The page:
I’ve long admired the work of writer, photographer and now cookbook author, Emiko Davies. I think I first came across her on Instagram, where her beautiful photos of Italian food and Florence caught my eye. Emiko has lived in Tuscany on and off for many years and is married to a local, so it was a natural leap for this fine arts graduate to chronicle her Florentine adventures on her blog.
Now the Tuscan capital is the subject of her first book, Florentine, in which she shares classic Florentine recipes as well as Italian food history, stunning photos and her personal address list of where to eat and shop in Florence. As an obsessed Italophile, and a former Florence resident myself, I cannot recommend the book highly enough.
Last week I had the chance to chat with Emiko about the making of the book, cooking for a fussy toddler, and her sources of inspiration.
Congratulations on a beautiful book – can you tell me how it came about?
Thank you. Basically I started a food blog when I was living in Florence about five years ago. And I wanted to document some of the things I found fascinating about living in Florence, living in Tuscany. All the food traditions and the rich history — not only of the place, but the history of the dishes and the recipes as well. So I was writing the blog and taking photos for it, writing recipes, and dreaming about one day writing a cookbook. And one I got an email from a publisher saying, ‘We make these lovely cookbooks. Would you like to make one?’
So that was the start of this cookbook. That was two years ago. The email came through the London office of Hardie Grant. By then I was back living in Canberra, so they said I should go through the Melbourne office. So I had to send a pitch and wait and hear whether the answer was a yes or no. I almost thought I had lost my chance of writing a cookbook by having the publisher directly contact me!
In your pitch, did you envisage breaking the book into chapters like ‘Il forno’, ‘La pasticceria’ etc.?
Yes, the book as you see it is exactly what I wanted in the original pitch. It was really nice, I got to do everything I wanted to in the way I wanted to do it. I envisaged a walk through Florence: starting at the pastry shop for breakfast, wandering through town getting bread from the bakery, going to the market, ending up at a wine bar for food and a gelato! That was the idea and I had that in the original pitch.
How did you decide what recipes to include?
For me it was pretty easy because Florence’s food doesn’t change much as you go from restaurant to restaurant. All the trattorias in Florence pretty much have the same menu! There are always these standard dishes, classic Florentine dishes, and everybody has them, everybody’s Nonna makes them too. And when you go out to dinner, it’s for those dishes that are not new or different, they’re your favourite things. I knew I had to include all those dishes you see in the trattorias.
Or when you go to the pastry shop and you see certain things that you will only see in Florence like the sfogliatine – they’re like puff pastries custard inside. They’re really hard to find outside Florence. Or the pandiramerino, the rosemary and sultana buns you get at bakeries. You don’t find them very far from Florence.
In the wine bar section there are crostini that are more modern, but still using local ingredients and using traditional flavours and tastes. I’ve got a little address book at the back of the book so people can go and find these dishes.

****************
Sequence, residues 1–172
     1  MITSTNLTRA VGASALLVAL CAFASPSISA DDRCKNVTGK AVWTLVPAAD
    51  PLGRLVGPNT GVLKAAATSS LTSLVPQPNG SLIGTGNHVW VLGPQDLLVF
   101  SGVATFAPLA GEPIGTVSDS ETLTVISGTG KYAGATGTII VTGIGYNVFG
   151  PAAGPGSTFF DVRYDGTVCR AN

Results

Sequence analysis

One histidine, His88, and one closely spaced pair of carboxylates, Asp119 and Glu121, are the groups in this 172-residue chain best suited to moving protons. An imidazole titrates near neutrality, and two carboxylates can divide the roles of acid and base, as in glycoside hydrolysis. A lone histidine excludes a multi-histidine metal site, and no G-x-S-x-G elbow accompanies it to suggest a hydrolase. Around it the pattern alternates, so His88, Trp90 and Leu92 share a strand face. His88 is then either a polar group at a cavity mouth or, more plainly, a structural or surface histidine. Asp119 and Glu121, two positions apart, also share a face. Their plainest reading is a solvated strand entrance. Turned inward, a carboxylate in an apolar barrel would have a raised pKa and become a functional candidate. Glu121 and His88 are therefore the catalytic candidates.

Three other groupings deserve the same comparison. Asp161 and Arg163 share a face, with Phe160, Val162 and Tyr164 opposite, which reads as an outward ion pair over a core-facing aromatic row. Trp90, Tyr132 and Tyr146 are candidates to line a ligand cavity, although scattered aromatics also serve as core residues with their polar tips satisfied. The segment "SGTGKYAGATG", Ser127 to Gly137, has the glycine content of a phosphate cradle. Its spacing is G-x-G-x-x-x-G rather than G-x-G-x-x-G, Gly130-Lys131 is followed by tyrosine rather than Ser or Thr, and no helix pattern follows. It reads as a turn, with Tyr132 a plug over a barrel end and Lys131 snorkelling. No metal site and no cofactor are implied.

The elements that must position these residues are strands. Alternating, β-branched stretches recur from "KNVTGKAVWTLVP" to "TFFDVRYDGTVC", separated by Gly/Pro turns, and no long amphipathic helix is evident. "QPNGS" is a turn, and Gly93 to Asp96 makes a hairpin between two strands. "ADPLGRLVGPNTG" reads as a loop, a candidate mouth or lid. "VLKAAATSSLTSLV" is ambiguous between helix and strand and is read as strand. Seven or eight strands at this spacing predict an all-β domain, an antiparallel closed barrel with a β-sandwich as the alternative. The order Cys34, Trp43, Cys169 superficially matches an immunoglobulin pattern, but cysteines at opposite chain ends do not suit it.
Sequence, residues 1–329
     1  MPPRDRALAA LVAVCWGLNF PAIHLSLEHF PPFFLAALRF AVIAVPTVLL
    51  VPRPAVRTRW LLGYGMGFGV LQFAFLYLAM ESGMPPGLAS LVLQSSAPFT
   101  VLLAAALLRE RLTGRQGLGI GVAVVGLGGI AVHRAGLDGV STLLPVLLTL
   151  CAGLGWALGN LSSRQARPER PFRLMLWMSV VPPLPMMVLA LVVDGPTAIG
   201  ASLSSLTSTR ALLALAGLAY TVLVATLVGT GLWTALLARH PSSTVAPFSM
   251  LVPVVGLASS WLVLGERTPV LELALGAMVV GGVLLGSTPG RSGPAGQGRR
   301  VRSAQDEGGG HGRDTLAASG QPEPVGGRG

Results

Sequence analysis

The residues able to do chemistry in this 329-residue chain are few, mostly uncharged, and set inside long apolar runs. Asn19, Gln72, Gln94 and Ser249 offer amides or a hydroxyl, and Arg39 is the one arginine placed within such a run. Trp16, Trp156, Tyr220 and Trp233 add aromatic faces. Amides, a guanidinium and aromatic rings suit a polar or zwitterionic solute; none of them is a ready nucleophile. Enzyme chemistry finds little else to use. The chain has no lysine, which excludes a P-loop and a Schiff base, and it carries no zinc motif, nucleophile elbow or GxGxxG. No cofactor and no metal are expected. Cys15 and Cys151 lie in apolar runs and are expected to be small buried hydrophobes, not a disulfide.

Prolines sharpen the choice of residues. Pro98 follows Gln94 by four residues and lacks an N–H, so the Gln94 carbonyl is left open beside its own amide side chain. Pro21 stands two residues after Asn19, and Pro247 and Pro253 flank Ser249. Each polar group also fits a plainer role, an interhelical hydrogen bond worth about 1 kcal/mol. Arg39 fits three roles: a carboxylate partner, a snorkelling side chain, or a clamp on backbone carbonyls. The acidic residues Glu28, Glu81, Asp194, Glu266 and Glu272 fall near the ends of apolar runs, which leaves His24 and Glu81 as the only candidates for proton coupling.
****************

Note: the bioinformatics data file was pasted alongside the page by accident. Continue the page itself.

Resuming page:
Do you have a favourite recipe?
I have lots! But one of my favourite favourites is the schiacciata all’uva, which is what Tuscans call a focaccia. It’s a flattened bread, not a flat bread because it’s got yeast in it, and it’s filled with wine grapes. It’s something you can only find in Florence in September, maybe the first half of October, when it’s grape season and wine harvest season. It’s really beautiful and you wait 11 months of the year to be able to eat it.
You took all the location photos for the book. How did you get into photography?
I studied fine arts, majoring in print making, but I did photography as an elective. And when I first moved to Florence in 2005 one of the things I really wanted to do was black-and-white photography and play in the dark room. I did a course in black-and-white photography and learnt how to develop my own photos, and eventually I got a job teaching in the dark room. That was my first love when I moved to Florence. That’s why I wanted to have a lot of black-and-white photos in the book.
What was the most challenging part of working on the cookbook?
The hardest part was the ingredients. Because I’m writing about Florentine food, which often has pretty unique ingredients, and I’m writing it for an audience that lives outside of Italy. I knew there were certain things that might be troublesome to find and replicate – certain Tuscan salume like finocchione [salami with fennel] or lardo [lard]. Even things as simple as ricotta. The ricotta you get in Italy is super fresh, so different to the ricotta you get at the supermarket here. I had a lot of recipe testers from all over the world. That was a real eye opener because I could see what was tricky for people to make at home.
And the best part?
The best part was the week we spent doing the photo shoot. There are 50 food photos in the book. And I cooked – I wanted to make sure that the food looked like it had just come out of Florence. I cooked the dishes with the help of some wonderful people in the kitchen, and my husband Marco helped me do a lot of the meat dishes. And then we had a photographer and a stylist work their magic. We worked very much as a team. It was the most fun I’ve had, ever. It was really intense and busy, we hardly had time to sit down, but it was just so much fun.